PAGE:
Pres. OBAMA: People will have the satisfaction of having a purist position and no victories for the American people. And we will be able to feel good about ourselves and sanctimonious about how pure our intentions are and how tough we are. And in the meantime, the American people are still seeing themselves not able to get health insurance because of preexisting condition, or not being able to pay their bills because their unemployment insurance ran out. That can't be the measure of how we think about our public service. That can't be the measure of what it means to be a Democrat.
MARTIN: To which you reply?
Rep. LEE: I don't believe this is a purist position that many of us have. And let me just say, for the record, I supported a public option. We know that a public option would have helped to reduce the deficit and kept the cost of insurance and health care down for the American people. We couldn't win that fight. We compromised. I myself and others who wanted a public option, we voted for that bill.
When the recovery package came forward, myself and many believed that the 780 billion was not enough to turn the economy around and to create the numbers of jobs. We advocated for a trillion dollars-plus. We didn't win that fight. We compromised. We voted for the package, as it was, at the $700-plus billion. When we had to make sure the teachers' jobs were saved, unfortunately, the administration in the Senate cut food stamps. We did not want that to happen because that was attacking the safety net for the least of these.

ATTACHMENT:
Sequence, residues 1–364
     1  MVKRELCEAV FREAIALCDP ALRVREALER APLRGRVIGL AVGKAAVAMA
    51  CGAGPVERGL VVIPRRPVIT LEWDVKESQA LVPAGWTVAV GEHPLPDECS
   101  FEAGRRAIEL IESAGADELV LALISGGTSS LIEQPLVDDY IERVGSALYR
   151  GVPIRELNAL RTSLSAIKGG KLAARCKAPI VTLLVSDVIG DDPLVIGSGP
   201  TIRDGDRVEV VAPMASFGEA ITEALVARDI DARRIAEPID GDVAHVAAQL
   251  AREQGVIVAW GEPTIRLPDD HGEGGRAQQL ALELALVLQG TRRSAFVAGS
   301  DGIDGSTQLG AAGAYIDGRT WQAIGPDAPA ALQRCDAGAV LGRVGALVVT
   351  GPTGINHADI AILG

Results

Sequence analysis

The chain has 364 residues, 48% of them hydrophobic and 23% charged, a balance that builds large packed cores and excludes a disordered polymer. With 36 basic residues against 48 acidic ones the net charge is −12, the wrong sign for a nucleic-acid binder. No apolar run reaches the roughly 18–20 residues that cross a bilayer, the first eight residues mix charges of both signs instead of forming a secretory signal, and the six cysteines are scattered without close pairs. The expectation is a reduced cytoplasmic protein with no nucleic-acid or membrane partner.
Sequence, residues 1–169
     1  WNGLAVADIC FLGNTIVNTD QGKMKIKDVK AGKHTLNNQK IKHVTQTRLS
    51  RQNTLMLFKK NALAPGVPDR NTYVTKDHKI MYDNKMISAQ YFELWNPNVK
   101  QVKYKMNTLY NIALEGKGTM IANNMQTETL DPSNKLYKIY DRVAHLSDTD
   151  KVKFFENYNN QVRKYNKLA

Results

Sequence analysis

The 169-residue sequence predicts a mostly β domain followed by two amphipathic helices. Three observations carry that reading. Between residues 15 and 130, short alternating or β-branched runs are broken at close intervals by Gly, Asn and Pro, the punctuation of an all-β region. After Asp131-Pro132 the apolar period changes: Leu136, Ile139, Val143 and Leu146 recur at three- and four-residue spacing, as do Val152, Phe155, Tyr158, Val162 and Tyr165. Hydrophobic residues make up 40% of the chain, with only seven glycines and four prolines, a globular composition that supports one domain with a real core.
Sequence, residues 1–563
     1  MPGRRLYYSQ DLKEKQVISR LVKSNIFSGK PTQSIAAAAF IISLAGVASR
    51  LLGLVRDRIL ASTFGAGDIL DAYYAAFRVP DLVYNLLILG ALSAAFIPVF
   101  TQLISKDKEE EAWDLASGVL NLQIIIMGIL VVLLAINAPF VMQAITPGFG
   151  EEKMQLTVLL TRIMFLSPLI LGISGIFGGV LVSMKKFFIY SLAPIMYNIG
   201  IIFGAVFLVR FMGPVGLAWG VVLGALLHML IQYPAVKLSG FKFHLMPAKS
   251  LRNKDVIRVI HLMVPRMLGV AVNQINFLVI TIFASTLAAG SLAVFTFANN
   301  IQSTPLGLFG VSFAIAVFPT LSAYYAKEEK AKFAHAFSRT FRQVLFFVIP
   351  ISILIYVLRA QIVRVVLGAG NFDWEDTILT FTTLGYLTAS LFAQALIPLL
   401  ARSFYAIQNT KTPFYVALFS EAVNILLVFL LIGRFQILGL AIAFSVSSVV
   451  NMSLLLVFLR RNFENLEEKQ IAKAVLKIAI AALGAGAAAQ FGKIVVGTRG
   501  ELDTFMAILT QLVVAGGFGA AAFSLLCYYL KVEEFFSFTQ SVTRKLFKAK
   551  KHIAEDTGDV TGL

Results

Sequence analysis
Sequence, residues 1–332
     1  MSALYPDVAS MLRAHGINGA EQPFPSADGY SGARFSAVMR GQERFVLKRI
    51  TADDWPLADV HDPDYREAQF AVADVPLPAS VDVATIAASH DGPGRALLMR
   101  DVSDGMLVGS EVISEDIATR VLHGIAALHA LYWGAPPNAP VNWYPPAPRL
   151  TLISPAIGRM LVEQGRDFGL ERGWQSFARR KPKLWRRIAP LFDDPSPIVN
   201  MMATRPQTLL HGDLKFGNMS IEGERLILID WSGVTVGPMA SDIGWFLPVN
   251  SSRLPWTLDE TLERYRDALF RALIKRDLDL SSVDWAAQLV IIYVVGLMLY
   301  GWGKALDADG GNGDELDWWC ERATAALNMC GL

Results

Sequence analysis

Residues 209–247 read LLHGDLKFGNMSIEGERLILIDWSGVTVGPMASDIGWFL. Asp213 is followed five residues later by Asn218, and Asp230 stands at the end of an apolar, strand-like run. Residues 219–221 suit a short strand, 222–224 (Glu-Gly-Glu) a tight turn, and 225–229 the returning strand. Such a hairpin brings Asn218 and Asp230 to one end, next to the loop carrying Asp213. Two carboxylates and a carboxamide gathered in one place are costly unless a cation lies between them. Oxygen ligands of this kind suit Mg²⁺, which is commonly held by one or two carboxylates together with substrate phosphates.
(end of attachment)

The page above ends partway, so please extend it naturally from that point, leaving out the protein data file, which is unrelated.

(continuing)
What did we do? We voted for the teachers' fix, as we called it, and cut food stamps. When the child nutrition bill came up, many of us had heartburn about not the bill, because we think that the first lady and her campaign is wonderful and it's really going to address childhood obesity and the incidences of diabetes and all of the health risk factors now that young people are faced with. Unfortunately, the fix and the pay for part of it was cutting food stamps again.